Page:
Programming Courses : Should I ?

Aarnav Jindal
4 min readApr 22, 2020

A common dilemma encountered when starting with a new course like competitive programming, application development, machine learning etc. is whether to try learning by implementation considering you have some basic knowledge of the field or to pursue a course ( paid or unpaid ).

So to facilitate this decision I’m going to discuss some points that can help shave off important time taken to arrive at a decision and enable you to make a more informed decision. I will discuss three courses of action undertaken generally when tackling a new course : hands-on learning, unpaid courses and paid course.

Hands-on Learning

If you have some rudimentary understanding of C++ or Java because you had computer science as part of your college curriculum and you want to get into competitive programming or if you have worked on application development with some friends and want to become a full stack developer, the first thought is always “I don’t need focussed guidance as such, Maybe I can learn as I do it”.

I am strongly against this approach of learning. You may have learnt a few essentials but there may still be a large gap in your basics. When you start programming directly you will encounter a lot of higher level concepts and that too at once. It may get overwhelming. And if you try to get into details of these concepts you may not know what depth of understanding is enough or it may open a door to another set of concepts and so on and you might end up in an inescapable web. If you are great at managing this issue and exit the web unscathed you will realise something very important, “Wow, where did the time go ?”. That is the major setback of this approach. You may learn well using this approach but you will end up spending at least thrice the time you would have consumed via structured learning of courses. And in today’s age time is a luxury. You must have heard time equals money. So you may end up losing a lot.

Unpaid Courses

An advantage of this digital age is the ability to connect with people remotely and share their knowledge. An abundance of free courses are available on YouTube, Coursera, Blogs etc. Some are taught by well renowned instructors or field experts who would otherwise be inaccessible. The opportunity to learn via these courses is a boon to millennials. The structured outline of concepts with carefully curated content with it’s depth on topics gradually increasing with the course is amazing. They will help establish a firm base which is extremely important and then build the tower of knowledge level by level. You will also save a lot of time compared to the previous approach.

However, there are a few shortcomings. Since there is no practical return from the course the instructor’s vested interest generally vanes after the tutorials have been uploaded. After watching the videos you are on your own, they won’t take interest in resolving individual queries. There is often no doubt resolving mechanism available. Even if there is the process may be too slow which is not good for learning. Also consumer feedback or consumer satisfaction which is central to improvement in businesses is not given much importance here. So the course material will remain the same and probably not accommodate trends and hence become slightly outdated as well.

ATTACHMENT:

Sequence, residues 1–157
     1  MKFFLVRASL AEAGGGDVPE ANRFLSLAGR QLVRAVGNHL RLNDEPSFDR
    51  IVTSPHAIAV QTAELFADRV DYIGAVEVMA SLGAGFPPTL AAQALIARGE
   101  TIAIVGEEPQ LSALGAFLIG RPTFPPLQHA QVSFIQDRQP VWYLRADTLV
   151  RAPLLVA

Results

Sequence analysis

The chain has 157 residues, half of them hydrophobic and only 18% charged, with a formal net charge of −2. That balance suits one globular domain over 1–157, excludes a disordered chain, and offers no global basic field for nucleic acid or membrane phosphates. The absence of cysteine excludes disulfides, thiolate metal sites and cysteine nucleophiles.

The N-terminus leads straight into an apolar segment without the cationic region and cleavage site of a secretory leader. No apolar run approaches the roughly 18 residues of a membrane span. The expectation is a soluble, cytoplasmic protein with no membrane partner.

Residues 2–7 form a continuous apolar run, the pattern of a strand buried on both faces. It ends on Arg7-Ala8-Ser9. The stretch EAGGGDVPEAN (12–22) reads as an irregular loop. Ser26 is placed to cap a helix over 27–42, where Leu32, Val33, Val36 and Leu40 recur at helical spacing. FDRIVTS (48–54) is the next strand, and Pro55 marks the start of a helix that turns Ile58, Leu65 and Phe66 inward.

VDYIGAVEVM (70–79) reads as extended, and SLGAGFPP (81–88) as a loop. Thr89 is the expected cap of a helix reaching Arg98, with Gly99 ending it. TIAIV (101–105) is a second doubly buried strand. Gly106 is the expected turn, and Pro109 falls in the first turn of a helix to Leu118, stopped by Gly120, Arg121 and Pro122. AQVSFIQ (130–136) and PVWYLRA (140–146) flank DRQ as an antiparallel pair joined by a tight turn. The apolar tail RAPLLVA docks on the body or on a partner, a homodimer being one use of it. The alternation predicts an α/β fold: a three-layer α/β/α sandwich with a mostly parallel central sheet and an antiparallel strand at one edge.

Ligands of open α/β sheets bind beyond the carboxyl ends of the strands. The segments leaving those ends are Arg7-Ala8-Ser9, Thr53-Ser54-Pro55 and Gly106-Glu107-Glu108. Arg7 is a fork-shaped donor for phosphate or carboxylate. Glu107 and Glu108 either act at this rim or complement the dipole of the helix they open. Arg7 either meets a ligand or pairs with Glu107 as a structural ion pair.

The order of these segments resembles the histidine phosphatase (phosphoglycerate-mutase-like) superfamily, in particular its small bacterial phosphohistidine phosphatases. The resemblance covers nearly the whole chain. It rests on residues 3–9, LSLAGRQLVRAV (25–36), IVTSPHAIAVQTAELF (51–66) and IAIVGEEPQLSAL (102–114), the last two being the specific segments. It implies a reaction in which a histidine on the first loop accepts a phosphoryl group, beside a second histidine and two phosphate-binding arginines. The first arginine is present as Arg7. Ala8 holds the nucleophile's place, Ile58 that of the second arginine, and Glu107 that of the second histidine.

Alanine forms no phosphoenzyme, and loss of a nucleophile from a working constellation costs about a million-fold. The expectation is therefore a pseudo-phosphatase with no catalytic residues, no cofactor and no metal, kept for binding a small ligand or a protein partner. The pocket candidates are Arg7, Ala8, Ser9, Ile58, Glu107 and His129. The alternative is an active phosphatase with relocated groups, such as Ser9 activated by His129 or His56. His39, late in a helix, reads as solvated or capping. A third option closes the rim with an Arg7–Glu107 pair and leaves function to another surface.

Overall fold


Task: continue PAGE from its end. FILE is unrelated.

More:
Paid Courses

These courses have a well structured lineup of concepts. They invest heavily on consumer satisfaction and improvement via feedback. They have a vested interest in improving learning for you and keep on adding or updating their resources to enhance user experience. They have dedicated platforms set up for doubt resolution and will always be a click away in case you ever need any assistance. The most important advantage of these courses is community relationships development. You meet plenty of like minded people learning with you who may down the line help you with job opportunities and career advice. This may seem trivial right now but these connections become very useful later on in the industry. The company offering the course also has a good alumni network which can be useful to get a referral and an interview with otherwise inaccessible companies. Finally, the company tries to maintain a good relationship with you and provide assistance to help you succeed even after you complete the course since the company reputation is related to the success ratio of their alumni network and also a good word of mouth from their alumni is a great source for organic growth and customer acquisition.

My experience with paid courses with Coding Blocks has been great. It may seem shocking but I have done six courses from Coding Blocks and I attribute my growth to the great teachers I had there. They later offered me a Teacher Assistant position, SDE Intern position, helped me get an Intern opportunity in UK and I am now working as a course instructor there before I leave for my job. My opinion may be highly biased but it is only because I have seen phenomenal returns for each rupee spent on their courses. So do check out their courses via the link I have shared above.

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Aarnav Jindal

Avid programmer chasing developments in the dynamic and invigorating world of technology 🤓